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IMF Reduces Global GDP Growth Forecast; Points To US
Aspire, Investments | 02 February 2015
By: Lim Si Jie
Articles (169) Profile

Global growth was projected to be between 3.8 and 4.1 percent during the October 2014 World Economic Outlook (WEO). According to the IMF, the global GDP figure is expected to “receive a boost” from lower oil prices. However, the IMF also forecasts that this boost is to be “more than offset by negative factors”, including weakness in investments as many advanced and emerging market economies “adjust to diminished expectations about medium-term growth”.

The recent “sharp drop in oil prices” sparked off a revision in reassessing global growth prospects in China, Russia, Euro zone and Japan. The IMF has since re-projected global growth in 2015-16 at 3.5 percent and 3.7 percent.

Falling Oil Prices Shook The Market
Oil prices in U.S. dollars have fallen by about 55 percent since September. The decline is partly due to what the IMF deems as “unexpected demand weakness in some major economies, in particular, emerging market economies”.

But the major contribution to the decline in oil prices suggests an important contribution of oil supply factors, i.e. the decision of the Organization of the Petroleum Exporting Countries (OPEC) to “maintain current production levels” despite the “steady rise in production” from non-OPEC producers, especially the United States.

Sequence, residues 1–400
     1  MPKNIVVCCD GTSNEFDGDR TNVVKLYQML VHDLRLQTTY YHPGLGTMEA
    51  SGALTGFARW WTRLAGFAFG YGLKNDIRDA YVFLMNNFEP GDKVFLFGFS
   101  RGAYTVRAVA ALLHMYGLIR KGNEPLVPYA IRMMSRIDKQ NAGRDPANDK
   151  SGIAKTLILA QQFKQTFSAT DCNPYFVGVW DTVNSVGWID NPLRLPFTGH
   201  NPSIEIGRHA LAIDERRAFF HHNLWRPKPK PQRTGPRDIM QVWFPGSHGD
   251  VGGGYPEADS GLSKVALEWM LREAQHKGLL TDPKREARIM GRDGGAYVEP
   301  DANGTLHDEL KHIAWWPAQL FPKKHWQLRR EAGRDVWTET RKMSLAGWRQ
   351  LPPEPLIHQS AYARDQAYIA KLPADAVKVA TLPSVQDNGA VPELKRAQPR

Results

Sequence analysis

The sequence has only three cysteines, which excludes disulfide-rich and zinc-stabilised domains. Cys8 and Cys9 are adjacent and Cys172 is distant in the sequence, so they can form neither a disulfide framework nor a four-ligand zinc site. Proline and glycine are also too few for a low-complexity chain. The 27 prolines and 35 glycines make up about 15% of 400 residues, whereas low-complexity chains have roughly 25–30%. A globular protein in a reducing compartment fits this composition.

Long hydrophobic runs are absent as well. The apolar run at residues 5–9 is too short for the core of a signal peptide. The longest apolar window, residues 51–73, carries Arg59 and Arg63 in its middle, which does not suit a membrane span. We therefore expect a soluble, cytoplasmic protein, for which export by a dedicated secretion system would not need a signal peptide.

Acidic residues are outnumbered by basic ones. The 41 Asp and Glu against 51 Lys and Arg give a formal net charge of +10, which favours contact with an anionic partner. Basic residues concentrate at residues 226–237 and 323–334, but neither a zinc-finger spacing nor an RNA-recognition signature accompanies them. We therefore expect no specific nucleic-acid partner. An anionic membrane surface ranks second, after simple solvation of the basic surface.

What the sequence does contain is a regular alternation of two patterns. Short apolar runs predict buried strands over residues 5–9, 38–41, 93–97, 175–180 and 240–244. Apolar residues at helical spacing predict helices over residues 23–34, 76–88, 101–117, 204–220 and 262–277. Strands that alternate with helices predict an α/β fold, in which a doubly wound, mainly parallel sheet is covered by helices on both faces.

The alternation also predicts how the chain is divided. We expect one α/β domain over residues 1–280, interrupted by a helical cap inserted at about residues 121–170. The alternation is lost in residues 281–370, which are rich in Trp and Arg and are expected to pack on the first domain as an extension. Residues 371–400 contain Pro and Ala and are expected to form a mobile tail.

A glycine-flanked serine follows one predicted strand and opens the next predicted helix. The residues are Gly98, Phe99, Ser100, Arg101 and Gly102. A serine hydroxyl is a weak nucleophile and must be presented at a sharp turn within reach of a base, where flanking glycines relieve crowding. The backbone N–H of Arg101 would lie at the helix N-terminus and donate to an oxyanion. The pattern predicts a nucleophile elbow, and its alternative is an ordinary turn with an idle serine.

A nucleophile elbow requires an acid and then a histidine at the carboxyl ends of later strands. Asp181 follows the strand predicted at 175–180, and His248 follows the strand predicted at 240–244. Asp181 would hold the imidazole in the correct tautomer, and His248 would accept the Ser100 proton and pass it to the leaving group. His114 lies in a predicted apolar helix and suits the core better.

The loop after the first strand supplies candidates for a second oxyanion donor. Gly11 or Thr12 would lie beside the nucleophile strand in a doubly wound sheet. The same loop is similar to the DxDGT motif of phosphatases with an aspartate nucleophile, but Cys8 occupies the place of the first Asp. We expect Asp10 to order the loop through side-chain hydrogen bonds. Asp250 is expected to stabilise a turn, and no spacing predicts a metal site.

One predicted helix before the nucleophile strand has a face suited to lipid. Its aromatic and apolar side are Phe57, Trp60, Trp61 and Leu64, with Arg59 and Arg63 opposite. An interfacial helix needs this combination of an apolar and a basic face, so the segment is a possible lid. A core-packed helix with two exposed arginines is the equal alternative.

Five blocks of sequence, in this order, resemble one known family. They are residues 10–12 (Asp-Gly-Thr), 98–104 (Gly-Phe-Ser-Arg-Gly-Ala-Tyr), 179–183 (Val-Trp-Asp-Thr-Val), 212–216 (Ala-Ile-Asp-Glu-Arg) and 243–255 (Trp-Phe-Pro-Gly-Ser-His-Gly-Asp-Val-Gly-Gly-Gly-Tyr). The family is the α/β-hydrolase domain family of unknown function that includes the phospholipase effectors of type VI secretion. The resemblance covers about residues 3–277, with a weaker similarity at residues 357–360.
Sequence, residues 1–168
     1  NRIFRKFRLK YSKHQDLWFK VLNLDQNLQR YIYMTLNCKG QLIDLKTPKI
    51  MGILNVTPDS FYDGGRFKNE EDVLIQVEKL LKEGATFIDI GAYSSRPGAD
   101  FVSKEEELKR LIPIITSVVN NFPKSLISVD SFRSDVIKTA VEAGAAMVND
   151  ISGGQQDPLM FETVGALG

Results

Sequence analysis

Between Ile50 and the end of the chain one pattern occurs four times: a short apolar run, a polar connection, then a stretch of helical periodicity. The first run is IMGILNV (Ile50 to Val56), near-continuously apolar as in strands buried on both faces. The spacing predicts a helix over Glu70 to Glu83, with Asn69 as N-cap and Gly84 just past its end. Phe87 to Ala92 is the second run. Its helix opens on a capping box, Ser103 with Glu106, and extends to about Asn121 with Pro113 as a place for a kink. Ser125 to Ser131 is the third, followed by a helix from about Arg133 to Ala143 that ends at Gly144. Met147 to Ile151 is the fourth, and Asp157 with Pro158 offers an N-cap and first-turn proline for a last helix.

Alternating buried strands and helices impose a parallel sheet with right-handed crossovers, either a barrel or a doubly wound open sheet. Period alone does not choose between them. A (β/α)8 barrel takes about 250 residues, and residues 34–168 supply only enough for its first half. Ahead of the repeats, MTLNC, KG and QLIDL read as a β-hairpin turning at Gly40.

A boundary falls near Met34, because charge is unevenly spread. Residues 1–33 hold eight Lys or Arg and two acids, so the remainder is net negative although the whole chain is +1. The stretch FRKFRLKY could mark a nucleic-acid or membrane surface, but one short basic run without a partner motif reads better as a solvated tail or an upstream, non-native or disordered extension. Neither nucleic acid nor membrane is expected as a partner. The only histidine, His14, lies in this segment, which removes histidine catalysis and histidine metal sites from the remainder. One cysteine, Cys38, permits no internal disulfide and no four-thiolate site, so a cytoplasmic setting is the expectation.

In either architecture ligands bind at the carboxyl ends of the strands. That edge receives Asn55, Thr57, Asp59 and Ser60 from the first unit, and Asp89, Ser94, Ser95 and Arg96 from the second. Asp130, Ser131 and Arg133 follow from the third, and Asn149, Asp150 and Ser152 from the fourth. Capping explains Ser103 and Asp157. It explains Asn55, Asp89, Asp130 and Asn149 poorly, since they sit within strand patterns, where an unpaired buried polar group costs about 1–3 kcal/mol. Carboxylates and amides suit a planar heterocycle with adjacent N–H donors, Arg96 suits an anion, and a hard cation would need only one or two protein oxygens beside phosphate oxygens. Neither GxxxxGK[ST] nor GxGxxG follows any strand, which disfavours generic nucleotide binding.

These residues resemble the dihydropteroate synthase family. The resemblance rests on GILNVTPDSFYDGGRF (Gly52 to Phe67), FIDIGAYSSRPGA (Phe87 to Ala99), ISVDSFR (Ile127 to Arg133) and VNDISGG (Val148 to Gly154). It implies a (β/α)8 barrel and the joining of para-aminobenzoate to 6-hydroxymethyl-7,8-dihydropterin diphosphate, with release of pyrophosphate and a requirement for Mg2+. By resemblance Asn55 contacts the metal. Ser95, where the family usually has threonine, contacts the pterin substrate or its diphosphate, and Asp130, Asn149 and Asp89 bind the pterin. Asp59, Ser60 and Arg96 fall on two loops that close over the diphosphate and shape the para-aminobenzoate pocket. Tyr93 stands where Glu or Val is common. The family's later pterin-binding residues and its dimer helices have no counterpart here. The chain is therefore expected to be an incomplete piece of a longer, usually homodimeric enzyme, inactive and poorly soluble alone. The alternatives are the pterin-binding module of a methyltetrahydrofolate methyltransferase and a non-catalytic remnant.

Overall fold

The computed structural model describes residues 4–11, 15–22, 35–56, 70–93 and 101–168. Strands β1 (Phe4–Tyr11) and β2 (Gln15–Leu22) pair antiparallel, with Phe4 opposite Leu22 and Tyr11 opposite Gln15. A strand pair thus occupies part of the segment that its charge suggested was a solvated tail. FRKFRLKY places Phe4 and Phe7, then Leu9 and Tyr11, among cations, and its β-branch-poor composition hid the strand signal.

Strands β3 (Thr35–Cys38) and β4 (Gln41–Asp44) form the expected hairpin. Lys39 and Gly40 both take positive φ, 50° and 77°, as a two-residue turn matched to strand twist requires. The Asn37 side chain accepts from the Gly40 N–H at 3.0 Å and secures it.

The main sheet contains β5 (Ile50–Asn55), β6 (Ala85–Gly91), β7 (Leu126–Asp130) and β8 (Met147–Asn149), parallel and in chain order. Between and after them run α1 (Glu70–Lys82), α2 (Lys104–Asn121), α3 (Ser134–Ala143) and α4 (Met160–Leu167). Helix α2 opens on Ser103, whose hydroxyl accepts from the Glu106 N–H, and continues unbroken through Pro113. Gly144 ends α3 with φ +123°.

Slowing Growth In China Worries The World
Investment growth in China declined in the third quarter of 2014 with leading indicators pointing to a further slowdown. The IMF notes that the “slower growth in China” will have rippling regional effects, which partly explains the downward revisions to growth in much of emerging Asia. The Chinese government is expected to put greater weight on reducing what the IMF terms as “vulnerabilities from recent rapid credit and investment growth”.

Sentiments Remain Positive On US
The US remains the “only major economy for which growth projections have been raised” by the IMF. The US economy contracted in the first quarter of 2014 with unemployment declining further and inflationary pressure staying “muted”.

Despite that, the IMF notes that growth in the US “rebounded ahead of expectations”. Growth is projected to exceed 3 percent in 2015–16, the IMF notes that this increased projection will be backed by domestic demand. Domestic demand will, according to the IMF, be buoyed by “lower oil prices, more moderate fiscal adjustment, and continued support from an accommodating monetary policy stance, despite the projected gradual rise in interest rates”.

Source: IMF World Economic Outlook Update

What Does Our Global Economy Need
The weaker projected global growth for 2015–16 further underlines the importance of “raising actual and potential output” as a policy priority in most economies, writes the IMF.

There is an urgent need for structural reforms in both emerging and advanced economies, while their macroeconomic policy priorities differ. In most advanced economies, “output gaps are still substantial, inflation is below target”, while monetary policy remains constrained by the zero lower bound.

Si Jie is no stranger to investing having started his journey at a young age. He is heavily influenced by acclaimed investors such as Benjamin Graham, Peter Lynch, and John Rothchild.

Please click here for more information about this author.

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